The last weekend of BR STEAM reborn!

The first weekend in August saw the Severn Valley and Great Central railways remember in style and atmosphere the final weekend of timetabled BR steam exactly 50 years before, writes Robin Jones.

Sunday, August 4, 1968 was the day when ‘normal’ timetabled British Rail main line steam ended. That day saw just two engines with a full head of steam at Rose Grove.

Immaculately turned-out No. 48773 was all set for the Blackburn-Hellifield-Carnforth leg of the Locomotive Club of Great Britain’s ‘Farewell to Steam Railtour’. A grimy No. 48519 was kept in steam as standby.

As it turned out, No. 48519 became the last steam locomotive to leave Rose Grove, replacing a Class 08 diesel shunter on a permanent way working, in order to let its large fire burn out.

BR Britannia Pacific No. 70013 Oliver Cromwell approaches Quorn & Woodhouse on August 4, the first day of the Great Central Railway’s two-weekend 50th Anniversary of the End of Steam on BR event. The 1L50 headboard recalls the locomotive’s part in the Railway Correspondence & Travel Society’s 13-coach special from Euston to Skipton exactly 50 years before, on August 4, 1968. ALAN WEAVER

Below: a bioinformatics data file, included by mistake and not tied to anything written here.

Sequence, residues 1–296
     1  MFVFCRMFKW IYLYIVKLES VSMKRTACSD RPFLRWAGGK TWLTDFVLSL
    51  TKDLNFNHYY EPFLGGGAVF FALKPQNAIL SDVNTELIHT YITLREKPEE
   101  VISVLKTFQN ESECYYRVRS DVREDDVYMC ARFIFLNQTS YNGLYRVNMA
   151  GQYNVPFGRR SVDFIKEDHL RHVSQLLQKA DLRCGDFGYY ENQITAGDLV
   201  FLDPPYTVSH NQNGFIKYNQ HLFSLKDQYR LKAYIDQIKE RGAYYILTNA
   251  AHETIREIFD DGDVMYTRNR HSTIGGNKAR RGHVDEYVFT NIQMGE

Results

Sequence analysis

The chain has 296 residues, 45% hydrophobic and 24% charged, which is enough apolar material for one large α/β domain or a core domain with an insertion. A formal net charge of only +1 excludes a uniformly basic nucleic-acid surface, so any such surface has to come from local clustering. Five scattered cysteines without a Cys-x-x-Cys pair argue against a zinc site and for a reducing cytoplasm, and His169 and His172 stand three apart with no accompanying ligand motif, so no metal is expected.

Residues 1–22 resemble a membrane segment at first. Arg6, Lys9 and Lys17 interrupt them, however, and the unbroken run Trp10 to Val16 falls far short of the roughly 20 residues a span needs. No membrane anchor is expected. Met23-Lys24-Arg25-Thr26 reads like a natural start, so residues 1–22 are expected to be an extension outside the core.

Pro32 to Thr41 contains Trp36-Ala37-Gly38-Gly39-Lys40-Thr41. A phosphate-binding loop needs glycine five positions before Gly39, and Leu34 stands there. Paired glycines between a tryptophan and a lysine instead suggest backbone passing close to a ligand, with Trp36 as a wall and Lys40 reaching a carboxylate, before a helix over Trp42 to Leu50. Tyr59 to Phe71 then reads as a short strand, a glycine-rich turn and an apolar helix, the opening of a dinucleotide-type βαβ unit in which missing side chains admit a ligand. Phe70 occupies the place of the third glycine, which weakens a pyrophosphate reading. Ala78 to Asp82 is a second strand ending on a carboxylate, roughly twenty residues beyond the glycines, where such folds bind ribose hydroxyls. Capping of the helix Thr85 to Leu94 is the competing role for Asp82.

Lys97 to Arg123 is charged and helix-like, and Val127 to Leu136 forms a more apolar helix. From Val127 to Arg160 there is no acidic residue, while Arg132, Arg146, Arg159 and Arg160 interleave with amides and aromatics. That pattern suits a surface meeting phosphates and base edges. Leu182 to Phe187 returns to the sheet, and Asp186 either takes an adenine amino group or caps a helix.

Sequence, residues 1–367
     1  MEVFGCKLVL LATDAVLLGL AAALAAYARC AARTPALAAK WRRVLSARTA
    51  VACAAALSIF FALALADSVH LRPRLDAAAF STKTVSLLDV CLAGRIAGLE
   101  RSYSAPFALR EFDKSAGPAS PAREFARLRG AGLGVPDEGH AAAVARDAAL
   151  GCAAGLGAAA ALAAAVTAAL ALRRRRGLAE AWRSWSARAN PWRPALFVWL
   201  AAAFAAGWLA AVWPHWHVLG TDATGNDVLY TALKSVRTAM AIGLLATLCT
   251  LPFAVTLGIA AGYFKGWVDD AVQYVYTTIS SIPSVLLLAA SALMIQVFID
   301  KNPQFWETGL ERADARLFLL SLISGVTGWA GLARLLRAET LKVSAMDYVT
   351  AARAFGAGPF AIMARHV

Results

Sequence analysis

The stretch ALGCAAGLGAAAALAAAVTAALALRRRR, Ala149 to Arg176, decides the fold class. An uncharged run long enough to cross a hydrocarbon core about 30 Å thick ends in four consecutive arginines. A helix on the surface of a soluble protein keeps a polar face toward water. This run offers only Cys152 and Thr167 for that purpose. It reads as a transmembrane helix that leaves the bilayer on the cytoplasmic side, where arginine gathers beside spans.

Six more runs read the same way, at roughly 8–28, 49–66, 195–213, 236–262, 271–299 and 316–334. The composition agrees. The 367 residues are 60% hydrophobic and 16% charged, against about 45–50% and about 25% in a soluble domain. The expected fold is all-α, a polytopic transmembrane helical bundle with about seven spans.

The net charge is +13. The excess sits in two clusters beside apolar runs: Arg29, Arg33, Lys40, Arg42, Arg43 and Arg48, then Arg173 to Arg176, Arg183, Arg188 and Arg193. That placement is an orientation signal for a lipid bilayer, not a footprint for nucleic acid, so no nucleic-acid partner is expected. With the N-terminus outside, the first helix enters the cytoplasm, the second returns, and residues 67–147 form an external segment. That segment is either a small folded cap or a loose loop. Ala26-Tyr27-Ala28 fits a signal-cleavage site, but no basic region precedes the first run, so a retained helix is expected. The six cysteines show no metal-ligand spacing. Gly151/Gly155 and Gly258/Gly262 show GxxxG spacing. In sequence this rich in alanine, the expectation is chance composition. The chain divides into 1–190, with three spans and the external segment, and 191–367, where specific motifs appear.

No. 48773 was the last steam locomotive to arrive on shed that evening, when it came back from Carnforth via Preston light engine. It was also the only one of the final steam allocation to Rose Grove to have a new life in preservation.

Rose Grove 8F No. 48493 was kept in steam at Lostock Hall until the following morning, when around 9am it shunted ballast wagons. This humble shift comprised the final non-passenger steam working on the British Rail standard gauge network.

However, that working was missed by the army of enthusiasts who were following the various Farewell to Steam specials that day.

Master Neverer in action: long-standing volunteer and Severn Valley Railway board member Tony Bending cleans the number of No. 45110. LEWIS MADDOX

The Locomotive Club of Great Britain had organised its own railtour – 1Z74 – from St Pancras to Carnforth, with a complicated route north of Manchester, via Bolton, Blackburn and Hellifield to Carnforth. From Manchester to Blackburn, it was headed by Oliver Cromwell and No. 44781 double-headed.

However, because of the loss of paths caused by engineering works, No. 70013, heading 1Z74, was running late by three-and-a-half hours, and was very low on water by the time that Stockport was reached, and it was 2am on the supposedly steamless Monday the train arrived back in London four hours behind schedule.

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